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RESA: Over $200 Million In Savings Available To Residential Customers Under Massachusetts Retail Electric Choice Through First Half Of Year

August 6, 2019

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Copyright 2010-19
Reporting by Paul Ring •

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Responding to the latest report issued by the Massachusetts Attorney General, the Retail Energy Supply Association (RESA) said that an analysis shows that over $200 million in savings were available to Massachusetts residential customers from retail electric choice during the first sixth months of 2019

As first reported by, the AG had said that residential customers on retail supply paid $76 million more than default service from July 2017 to June 2018 (story here)

RESA said that the AG's call to end residential electric choice, "flies in the face of an independent market study that shows residential customers could have saved more than $204 million in the first two quarters of 2019."

RESA said that a study conducted by a consultant shows that retail electric supply companies routinely offer dozens of rates below the Massachusetts basic service price. For example:

First Quarter 2019

January - March: 547 offers below Massachusetts price to compare

January - March potential market savings = $106,728,628

Second Quarter 2019

April - June: 599 offers below Massachusetts price to compare

April - June potential market savings = $98,055,479

"Further, data from the U.S. Energy Information Administration (EIA) also shows that consumers in states that have undergone restructuring have saved significantly compared to those in monopoly states," RESA said

Citing such data for Massachusetts from 2008 to 2017, RESA said that electricity prices for all sectors decreased by 0.6%. But over the same period, electricity prices in monopoly states increased by 18.7%. RESA said that electricity prices for Massachusetts residential customers increased by 7.7%. However, over the same period, electricity prices in monopoly states for residential customers increased by 22.3%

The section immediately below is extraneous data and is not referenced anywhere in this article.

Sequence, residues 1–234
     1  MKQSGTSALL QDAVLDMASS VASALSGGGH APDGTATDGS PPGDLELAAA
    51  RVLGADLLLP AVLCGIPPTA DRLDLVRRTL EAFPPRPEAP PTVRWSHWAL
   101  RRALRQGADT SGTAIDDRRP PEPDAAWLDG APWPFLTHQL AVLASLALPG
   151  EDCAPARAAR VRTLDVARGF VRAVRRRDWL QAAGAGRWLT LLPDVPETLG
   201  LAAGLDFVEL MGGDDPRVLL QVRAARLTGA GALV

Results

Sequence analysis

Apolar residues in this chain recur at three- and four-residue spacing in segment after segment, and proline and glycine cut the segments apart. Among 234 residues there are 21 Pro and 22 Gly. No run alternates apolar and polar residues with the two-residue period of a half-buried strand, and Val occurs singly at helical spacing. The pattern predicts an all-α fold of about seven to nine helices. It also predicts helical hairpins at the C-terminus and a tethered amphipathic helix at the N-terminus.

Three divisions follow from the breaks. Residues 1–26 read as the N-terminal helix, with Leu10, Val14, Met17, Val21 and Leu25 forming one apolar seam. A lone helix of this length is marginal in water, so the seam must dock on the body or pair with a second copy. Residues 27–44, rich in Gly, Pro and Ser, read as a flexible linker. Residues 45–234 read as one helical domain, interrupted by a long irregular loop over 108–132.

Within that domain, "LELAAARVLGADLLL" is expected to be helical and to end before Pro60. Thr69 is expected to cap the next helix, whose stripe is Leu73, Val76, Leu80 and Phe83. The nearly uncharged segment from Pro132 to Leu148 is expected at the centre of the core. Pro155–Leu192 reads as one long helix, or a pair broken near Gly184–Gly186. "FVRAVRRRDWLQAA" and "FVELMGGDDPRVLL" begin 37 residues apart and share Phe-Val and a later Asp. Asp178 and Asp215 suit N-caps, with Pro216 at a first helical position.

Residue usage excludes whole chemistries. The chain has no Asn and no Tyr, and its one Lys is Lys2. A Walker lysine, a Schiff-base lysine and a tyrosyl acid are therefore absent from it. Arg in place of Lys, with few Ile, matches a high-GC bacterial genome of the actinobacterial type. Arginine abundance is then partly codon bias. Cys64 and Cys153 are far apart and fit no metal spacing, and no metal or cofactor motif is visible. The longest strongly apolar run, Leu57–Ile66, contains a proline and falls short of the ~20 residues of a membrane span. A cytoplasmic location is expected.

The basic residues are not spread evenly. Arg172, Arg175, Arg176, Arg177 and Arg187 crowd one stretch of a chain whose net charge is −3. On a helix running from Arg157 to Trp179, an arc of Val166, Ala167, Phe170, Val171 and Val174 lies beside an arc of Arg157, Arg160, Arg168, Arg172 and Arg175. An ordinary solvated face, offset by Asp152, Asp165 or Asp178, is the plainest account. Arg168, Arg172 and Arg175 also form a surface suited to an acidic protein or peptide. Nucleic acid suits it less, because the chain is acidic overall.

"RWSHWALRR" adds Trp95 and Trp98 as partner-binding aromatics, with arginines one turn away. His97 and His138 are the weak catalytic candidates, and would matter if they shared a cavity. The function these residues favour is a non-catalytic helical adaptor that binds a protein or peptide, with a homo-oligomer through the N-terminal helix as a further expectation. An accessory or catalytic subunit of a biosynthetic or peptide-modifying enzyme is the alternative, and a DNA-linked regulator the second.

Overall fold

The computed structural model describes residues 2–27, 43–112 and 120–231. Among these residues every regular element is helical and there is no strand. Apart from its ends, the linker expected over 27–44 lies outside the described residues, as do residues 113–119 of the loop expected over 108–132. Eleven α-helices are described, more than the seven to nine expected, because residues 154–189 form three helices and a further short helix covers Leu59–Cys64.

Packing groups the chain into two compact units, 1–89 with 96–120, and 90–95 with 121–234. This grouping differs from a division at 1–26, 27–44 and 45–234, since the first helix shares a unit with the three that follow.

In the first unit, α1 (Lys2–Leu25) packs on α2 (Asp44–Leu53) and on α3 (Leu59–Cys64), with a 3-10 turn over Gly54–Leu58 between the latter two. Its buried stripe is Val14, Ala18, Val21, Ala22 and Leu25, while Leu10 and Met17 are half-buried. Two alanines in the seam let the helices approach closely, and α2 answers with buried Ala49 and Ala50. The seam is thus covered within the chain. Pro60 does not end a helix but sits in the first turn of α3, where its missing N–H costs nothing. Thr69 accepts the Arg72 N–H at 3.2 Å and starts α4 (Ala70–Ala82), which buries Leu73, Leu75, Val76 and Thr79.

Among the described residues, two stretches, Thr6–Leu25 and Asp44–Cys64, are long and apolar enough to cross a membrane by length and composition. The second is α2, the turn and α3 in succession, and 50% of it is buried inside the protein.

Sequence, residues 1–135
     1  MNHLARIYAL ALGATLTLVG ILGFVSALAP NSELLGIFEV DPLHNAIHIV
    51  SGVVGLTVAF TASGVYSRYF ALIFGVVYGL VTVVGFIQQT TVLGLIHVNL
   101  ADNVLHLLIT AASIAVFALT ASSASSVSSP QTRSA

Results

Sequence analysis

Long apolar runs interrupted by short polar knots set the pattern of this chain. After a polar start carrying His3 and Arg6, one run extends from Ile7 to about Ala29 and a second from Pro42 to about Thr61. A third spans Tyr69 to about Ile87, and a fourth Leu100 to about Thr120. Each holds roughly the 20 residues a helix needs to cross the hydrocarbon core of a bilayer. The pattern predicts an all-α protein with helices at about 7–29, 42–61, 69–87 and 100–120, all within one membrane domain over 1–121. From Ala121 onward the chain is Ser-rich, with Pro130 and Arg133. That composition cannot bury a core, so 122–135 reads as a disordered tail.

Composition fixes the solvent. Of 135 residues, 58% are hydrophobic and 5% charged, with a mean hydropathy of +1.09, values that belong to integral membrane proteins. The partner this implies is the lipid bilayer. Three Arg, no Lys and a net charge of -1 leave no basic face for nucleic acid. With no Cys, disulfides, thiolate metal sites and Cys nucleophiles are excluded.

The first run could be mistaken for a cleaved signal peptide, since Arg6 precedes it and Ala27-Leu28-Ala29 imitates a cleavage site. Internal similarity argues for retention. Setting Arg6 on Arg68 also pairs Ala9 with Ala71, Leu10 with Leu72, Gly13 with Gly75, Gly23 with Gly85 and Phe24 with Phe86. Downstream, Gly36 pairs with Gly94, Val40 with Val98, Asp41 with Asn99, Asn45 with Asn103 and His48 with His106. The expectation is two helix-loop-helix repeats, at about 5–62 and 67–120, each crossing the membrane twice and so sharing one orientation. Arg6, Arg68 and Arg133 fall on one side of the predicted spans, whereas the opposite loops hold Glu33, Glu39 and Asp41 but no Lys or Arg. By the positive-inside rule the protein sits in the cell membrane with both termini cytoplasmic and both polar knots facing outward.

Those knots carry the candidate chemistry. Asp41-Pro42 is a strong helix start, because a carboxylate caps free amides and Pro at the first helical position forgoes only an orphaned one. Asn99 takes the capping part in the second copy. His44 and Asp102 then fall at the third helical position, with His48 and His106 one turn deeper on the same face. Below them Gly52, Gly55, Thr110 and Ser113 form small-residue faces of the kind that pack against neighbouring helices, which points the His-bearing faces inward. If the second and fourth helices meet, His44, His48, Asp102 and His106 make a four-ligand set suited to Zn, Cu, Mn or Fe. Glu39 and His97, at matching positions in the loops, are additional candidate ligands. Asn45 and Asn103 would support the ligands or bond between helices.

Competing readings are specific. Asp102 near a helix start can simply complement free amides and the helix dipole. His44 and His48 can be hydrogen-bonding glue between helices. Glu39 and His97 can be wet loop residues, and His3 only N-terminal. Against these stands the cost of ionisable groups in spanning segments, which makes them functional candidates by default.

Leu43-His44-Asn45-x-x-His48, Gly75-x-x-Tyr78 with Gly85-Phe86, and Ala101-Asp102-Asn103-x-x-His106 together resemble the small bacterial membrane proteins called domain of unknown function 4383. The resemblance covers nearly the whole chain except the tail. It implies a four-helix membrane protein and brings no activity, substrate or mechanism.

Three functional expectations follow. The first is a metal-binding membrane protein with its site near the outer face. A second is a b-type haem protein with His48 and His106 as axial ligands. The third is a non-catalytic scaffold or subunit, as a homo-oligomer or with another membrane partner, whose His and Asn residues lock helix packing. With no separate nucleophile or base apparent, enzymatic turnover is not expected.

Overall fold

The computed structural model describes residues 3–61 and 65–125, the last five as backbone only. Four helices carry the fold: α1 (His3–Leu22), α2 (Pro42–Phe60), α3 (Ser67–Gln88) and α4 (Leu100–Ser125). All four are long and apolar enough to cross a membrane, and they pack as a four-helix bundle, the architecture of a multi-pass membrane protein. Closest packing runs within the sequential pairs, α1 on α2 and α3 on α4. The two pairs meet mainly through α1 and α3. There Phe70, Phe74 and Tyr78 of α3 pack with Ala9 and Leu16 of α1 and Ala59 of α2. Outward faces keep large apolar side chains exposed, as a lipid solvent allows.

"If Massachusetts had not allowed residential retail competition and residential prices had followed the same percentage changes as the monopoly states, Massachusetts consumers would have paid $5.4 billion more in the same time period," RESA said

"The Attorney General’s study also raises questions about the success of the competitive marketplace for consumers and paints an inaccurate picture of the goals and practices of energy supply marketers," RESA said

RESA said that the AGO report fails to ask two critical questions:

• "First, in an age where customers are buying based on technologies and decarbonization, what did they actually purchase? The report makes a claim characterized as 'loss' based on an assumption of price alone rather than the total product plus advanced energy services and technologies purchased"

• "And second, it should be noted that the AGO’s report fails to recognize that there were savings-only products available, but many customers are no longer seeking only those types of products; instead choosing advanced energy options. The reality is digitized, decarbonized energy is the future and retail suppliers are bringing these relevant products to the market."

The AG's report, "in no way objectively analyzes the benefits or the lower costs of receiving these competitive products from retail suppliers and assumes that a customer’s choice to have an advanced energy option must be a bad one," RESA said

RESA said that the AG's report, "Draws inappropriate and unfair comparisons between competitive retail supply products and utility basic service rates that conveniently overlook competitive rate plan offers that have varying terms of service that extend well beyond the six-month basic service term, green or renewable energy products, carbon offsets and bundled services that include smart energy devices, reward points, gift cards, etc."

RESA said that the AG's report, "Discounts and dismisses the idea of why customers choose one product over another and assumes consumers are driven by price alone."

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